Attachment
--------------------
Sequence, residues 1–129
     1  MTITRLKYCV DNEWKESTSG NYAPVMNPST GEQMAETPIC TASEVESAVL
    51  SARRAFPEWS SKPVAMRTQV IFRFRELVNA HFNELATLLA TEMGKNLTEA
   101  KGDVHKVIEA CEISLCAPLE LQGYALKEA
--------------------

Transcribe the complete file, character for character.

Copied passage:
Sequence, residues 1–129
     1  MTITRLKYCV DNEWKESTSG NYAPVMNPST GEQMAETPIC TASEVESAVL
    51  SARRAFPEWS SKPVAMRTQV IFRFRELVNA HFNELATLLA TEMGKNLTEA
   101  KGDVHKVIEA CEISLCAPLE LQGYALKEA